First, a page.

A Reader Asks:
I have an iPhone 6 that’s locked to Sprint which was purchased after February 11th 2015. Will it unlock automatically or is there something I need to do? I bought it from a person who used to live in the United States and I’m from the Philippines.
I’ve read that phones released after February 14, 2015 (Sprint) will be eligible for getting carrier (international) unlocked, but as I checked the status of the phone the phone was reported to be blacklisted, stolen or lost.
I’ve checked various online sites that can teach me how to unlock my iPhone but it’s very expensive.
I tried using SIM cards from the Philippines but it wouldn’t allow me to use the phone.
How can I unlock my iPhone?
Unlocking an iPhone from Sprint for use with another network is a big hassle. There’s reasons for this. The iPhone remains the most coveted phone in the known universe. It’s been cloned, picked (known as Apple-picking), and emulated. So why would any major corporation let you have it without trying to exploit the tech-lust central to Apple’s profit making strategy? In short: There’s no easy way to get an iPhone for cheap. You’re going to need to pay, one way or another. Even the recent law requiring Sprint to unlock their phones (after contractual obligations have been met) hasn’t made things much easier.
Contrary to rumor, Sprint does not automatically unlock the phone and — in fact — have additional roadblocks and barriers to getting your phone set up with another carrier. There are several possible cases which can affect your likelihood of successfully unlocking your phone. For brevity’s sake, I’ll include them here:
- You (or your friend) have completed the contract.
- You have not completed the full-year contract.
- The phone was stolen.
You Have Completed Sprint’s Contract
If you have completed the standard twenty-ish month contract with Sprint (and it sounds as if your friend has not), then the phone can be unlocked simply by contacting Sprint’s customer service and requesting that they unlock the phone. They will request the Master Subsidy Lock (MSL), the IMEI, and other information. If Sprint can verify that the contract associated with the phone has been completed, then they are legally obligated to unlock the phone for use with any carrier.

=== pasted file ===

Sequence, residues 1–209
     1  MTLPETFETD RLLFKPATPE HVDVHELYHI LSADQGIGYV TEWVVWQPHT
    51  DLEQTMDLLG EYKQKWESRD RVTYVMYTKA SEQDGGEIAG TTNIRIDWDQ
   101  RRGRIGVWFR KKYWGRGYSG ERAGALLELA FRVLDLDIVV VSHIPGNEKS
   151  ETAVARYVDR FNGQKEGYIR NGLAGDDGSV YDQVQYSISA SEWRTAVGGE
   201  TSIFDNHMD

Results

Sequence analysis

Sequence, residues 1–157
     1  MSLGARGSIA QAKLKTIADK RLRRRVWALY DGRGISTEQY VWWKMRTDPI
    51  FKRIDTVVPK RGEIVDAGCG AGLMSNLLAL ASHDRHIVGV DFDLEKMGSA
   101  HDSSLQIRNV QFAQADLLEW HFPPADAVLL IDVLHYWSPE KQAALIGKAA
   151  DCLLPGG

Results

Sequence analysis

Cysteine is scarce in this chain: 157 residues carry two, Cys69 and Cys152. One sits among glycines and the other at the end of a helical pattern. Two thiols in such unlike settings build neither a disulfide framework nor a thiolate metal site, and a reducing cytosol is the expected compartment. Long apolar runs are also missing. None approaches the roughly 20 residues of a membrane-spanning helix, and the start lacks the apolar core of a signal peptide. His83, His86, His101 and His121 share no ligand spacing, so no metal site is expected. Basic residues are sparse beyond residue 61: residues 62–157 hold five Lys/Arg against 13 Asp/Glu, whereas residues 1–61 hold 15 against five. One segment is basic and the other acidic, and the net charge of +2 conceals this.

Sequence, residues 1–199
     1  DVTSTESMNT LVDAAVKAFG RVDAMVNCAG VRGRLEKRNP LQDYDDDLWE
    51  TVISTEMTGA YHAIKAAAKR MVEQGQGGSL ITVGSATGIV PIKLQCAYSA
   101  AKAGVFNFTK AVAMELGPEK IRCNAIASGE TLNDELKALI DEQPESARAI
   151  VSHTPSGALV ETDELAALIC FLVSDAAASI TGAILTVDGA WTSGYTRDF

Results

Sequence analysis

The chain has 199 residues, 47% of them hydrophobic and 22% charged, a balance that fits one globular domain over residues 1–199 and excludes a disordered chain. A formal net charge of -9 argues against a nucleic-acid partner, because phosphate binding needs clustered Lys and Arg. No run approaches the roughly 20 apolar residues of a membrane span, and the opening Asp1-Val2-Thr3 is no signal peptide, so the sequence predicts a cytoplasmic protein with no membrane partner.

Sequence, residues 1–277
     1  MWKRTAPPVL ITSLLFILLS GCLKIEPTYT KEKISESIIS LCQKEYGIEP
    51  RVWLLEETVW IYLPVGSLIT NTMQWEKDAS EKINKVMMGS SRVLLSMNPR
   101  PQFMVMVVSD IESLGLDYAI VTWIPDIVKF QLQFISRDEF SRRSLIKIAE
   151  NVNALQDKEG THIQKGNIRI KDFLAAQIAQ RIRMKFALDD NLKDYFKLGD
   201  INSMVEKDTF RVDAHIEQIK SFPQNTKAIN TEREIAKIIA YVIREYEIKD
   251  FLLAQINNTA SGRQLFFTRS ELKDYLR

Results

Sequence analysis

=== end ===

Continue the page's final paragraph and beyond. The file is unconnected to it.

It’s a little more complicated than that, though: Smartphones include different kinds of cellular bands, or broadcast frequencies, which it uses to connect and transfer data with cellular towers. These bands vary by country and by network technology (CDMA or GSM, loosely). Additionally, there’s the LTE bands, which is a faster technology for data transfer. The iPhone 6 is reported to operate on the following bands:
- LTE: 1-5, 7, 8, 13, 17-20, 25, 26, 28, 29
- GSM/EDGE: 850, 800, 1800, 1900 MHz
- CDMA: 800, 1700/2100, 1900, 2100 MHz
You would need to check with your carrier in the Philippines for the LTE bands (this is the issue with almost all American phones used in other regions), but the chances are if you have LTE in your region, then the iPhone 6 will work. If your phone does not fully support the bands in your region, then the phone may not work. Or, it might transfer data at reduced speeds. Or it may receive incomplete network coverage.
While the iPhone 6 physically supports most cellular bands used internationally (similar to the Motorola Nexus 6), that doesn’t immediately mean it can work on any network just by swapping the SIM card out (what’s a SIM card?) as there are other complicating factors.
Read on for additional problems.
You Have Not Completed Sprint’s Contract
If you have not completed Sprint’s contract, they will hit you with a Early Termination Fee (ETF). If you pay the ETF, then they are legally obligated to unlock your phone. If you do not pay, Sprint will blacklist your phone (see the section below regarding stolen iPhones). Because Sprint uses a Master Subsidy Lock (MSL), it can control whether or not an individual phone can become unlocked for use overseas (or on any network). To my knowledge, there’s no method to crack this code (and those who claim they can are scam artists).
On top of that, Sprint requires users to fulfill at least three months of their contract before they’re willing to give you an MSL code (which unlocks the device). The main reason for this seemingly bad behavior: Sprint sells the phone at a substantially discounted price of $200. The unlocked cost for a Sprint iPhone 6 hovers around $600-650 for the cheapest variant.
This price asymmetry between the locked (also called subsidized) and unlocked phones translates into higher prices, even though buyers technically save $400 at face value. Think about it: With a Ting (what’s an MVNO?) account, you pay around $21 per month for service, on average, which translates into a total cost of $1,154 (including tax) over a two-year period. If you pay the Sprint average for a subsidized phone, the total costs fall somewhere around $2,120 (without tax). That’s over $1,000 dollars difference.
In short, never buy a subsidized phone.
The Phone Was Stolen
Shame on the wretched Apple-picker. In this case, the phone’s IMEI (a unique, identifying number) has likely been reported as stolen and it cannot be added to networks in many developed economies. You can check the blacklist here. To the extent of my knowledge on this subject, there shouldn’t exist any means of unlocking the phone, unless you’re capable of unlocking the device at the hardware level.
If the phone has been blacklisted because of a failure to pay the ETF, then you must contact Sprint and offer to pay the ETF. In this case you will probably be denied, but there’s a slim chance they might unlock the device.
You’ve Got to Pay Lots of Money
We’ve hashed and rehashed the various schemes out there for getting cheap iPhones. Most of these (if not all) are scams. I haven’t heard of a single, credible source that can unlock a Sprint-locked phone. If one exists, it violates the law in the United States.